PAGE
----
Case Western Reserve University Late February to early March Yes. Please note that edits to application essays, as well as updated unofficial transcripts, will not be accepted.
Columbia University End of January Yes
Cornell University (Weill) Interviews begin in Sept and continue through early spring Duke University First week of February Yes
Emory University The interview season will end this year on February 26th. Yes (updates only, not LOIs)
Harvard University End of January Yes, but the admissions office does not guarantee adcom will view the additional materials.
Johns Hopkins University February Mayo Clinic School of Medicine (Alix) First week of January Yes
Northwestern University (Feinberg) Mid-January Yes, materials can be sent to firstname.lastname@example.org.
Ohio State University March Yes
University of Alabama–Birmingham Late February or early March Yes. Letters may be uploaded through your Applicant Portal and new recommendations through the AMCAS letter service.
University of California–Los Angeles (Geffen) January Yes, for applicants who have received a secondary application.
University of Chicago (Pritzker) Medical January Yes.
University of Colorado Interviews will continue through early March No
University of Maryland Late February or early March Yes. Upload updates through your Second Stage Application.
University of Michigan–Ann Arbor Early January Yes. Letters may be uploaded through your Applicant Portal and new recommendations through the AMCAS letter service.
University of Pittsburgh January Yes
University of Southern California (Keck) February No
University of Utah Interviews will continue through February No
University of Virginia Interviews will continue through early March Yes. Update letters may be added using the application portal.
University of Wisconsin–Madison Late December No
Washington University in St. Louis March Yes
* If you represent a medical school and want your school added to the list, please email email@example.com.
Post-secondaries, pre-interview – planning ahead
As the October-January period comes to a close and you still haven’t received that interview invite and you’ve submitted an LOI to no avail, you may want to start thinking about your game plan for the next year. Start by taking a good hard look at your application:
- Is your MCAT competitive? Are your grades strong? Would either be strengthened through additional coursework? A master’s or postbac course could boost your chances next time.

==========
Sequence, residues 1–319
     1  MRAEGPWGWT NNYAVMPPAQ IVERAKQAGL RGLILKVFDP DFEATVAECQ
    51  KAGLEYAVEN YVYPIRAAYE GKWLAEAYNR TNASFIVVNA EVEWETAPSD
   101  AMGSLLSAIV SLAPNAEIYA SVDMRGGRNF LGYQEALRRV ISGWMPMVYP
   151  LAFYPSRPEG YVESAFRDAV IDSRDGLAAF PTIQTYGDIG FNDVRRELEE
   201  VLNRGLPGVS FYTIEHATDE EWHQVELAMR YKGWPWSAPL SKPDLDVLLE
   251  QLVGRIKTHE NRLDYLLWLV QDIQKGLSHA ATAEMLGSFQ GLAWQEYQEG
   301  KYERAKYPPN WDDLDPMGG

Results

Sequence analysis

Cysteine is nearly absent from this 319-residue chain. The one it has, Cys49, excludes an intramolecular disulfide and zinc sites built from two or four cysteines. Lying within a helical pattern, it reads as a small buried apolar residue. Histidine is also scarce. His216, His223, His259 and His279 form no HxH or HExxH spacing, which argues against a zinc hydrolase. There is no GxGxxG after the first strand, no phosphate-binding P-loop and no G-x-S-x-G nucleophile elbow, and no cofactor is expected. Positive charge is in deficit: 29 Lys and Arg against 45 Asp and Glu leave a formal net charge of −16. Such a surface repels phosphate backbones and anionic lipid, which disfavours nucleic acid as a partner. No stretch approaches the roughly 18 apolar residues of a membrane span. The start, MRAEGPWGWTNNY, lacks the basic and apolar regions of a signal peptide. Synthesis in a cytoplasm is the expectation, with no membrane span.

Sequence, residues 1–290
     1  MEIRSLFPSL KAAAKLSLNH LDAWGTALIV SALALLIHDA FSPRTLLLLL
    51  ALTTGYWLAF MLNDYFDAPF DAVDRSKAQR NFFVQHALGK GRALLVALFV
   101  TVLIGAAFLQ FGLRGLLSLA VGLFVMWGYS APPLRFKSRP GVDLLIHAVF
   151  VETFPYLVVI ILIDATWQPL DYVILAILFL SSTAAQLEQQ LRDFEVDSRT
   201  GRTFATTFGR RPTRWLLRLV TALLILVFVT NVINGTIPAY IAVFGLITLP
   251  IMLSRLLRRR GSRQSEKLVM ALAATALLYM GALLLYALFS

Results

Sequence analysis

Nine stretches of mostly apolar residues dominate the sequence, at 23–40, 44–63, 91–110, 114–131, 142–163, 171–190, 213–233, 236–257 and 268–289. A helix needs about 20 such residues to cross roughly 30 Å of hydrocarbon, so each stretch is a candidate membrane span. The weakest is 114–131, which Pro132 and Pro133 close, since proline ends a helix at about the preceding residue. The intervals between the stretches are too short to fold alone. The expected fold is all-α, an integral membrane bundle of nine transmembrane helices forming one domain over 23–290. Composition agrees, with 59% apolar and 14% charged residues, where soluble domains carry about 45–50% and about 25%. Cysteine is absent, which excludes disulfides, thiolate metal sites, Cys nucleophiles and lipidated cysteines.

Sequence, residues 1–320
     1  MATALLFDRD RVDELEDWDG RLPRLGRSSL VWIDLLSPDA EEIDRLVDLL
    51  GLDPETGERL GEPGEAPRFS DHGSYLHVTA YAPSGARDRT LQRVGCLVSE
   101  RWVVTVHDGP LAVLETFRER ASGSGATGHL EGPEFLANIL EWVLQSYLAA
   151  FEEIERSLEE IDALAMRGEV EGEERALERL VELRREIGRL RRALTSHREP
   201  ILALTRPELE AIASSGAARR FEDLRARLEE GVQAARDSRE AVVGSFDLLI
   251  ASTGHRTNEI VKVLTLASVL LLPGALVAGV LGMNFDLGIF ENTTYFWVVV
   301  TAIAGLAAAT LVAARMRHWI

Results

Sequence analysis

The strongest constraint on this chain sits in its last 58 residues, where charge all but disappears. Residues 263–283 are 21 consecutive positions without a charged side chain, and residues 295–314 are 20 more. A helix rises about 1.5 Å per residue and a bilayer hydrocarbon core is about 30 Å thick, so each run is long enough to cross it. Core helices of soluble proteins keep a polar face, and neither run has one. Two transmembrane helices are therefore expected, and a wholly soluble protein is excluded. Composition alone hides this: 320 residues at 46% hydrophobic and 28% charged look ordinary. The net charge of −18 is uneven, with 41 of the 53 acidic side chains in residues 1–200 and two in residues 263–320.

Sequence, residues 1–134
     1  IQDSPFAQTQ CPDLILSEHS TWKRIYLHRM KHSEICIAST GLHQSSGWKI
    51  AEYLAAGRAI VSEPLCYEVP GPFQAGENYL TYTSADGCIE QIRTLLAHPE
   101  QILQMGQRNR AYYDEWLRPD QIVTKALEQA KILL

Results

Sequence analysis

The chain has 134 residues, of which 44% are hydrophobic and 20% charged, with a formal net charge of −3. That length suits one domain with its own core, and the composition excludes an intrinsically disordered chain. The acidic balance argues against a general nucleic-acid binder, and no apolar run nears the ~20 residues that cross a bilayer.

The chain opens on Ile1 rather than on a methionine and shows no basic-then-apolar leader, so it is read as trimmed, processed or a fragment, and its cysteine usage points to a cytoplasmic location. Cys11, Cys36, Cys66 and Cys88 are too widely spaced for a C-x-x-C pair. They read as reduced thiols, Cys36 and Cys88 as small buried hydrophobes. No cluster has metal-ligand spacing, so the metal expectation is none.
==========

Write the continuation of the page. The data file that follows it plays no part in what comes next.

- Are you confident about your personal statement? Were your secondary essays tailored with specific answers for each particular program, or did you “recycle” generic answers?
- Are your recommendations the best you can get?
- Did you apply as early as possible in the year?
- Did you submit enough applications? Did you apply to a wide range of schools, or are your applications weighted towards those with very low acceptance rates (Mayo, Georgetown, etc.)?
Don’t give up!
It’s not much consolation, but most years the AAMC reports a higher number of applicants than the previous year. Whether it’s because of recent health policy changes or the glamorous life of medicine depicted on television is anybody’s guess. But if you’re serious about medicine, and can show that in your application, you’ll make it.
If you need help arguing your case to the Dean, or if you want to make sure next year’s application is as strong as it can be, Accepted can help. Contact us at any stage of the application process.A former fellowship admissions committee member and administrator at the University of Washington School of Medicine, Cydney Foote has successfully advised healthcare applicants, including those applying to medical school, dental school, nursing and PA programs, veterinary school, public health and hospital administration programs, post-baccalaureate medical programs, residencies and fellowships. Since 2001, she has brought her marketing and writing expertise to help science-focused students communicate their strengths. Want Cyd to help you get Accepted? Click here to get in touch!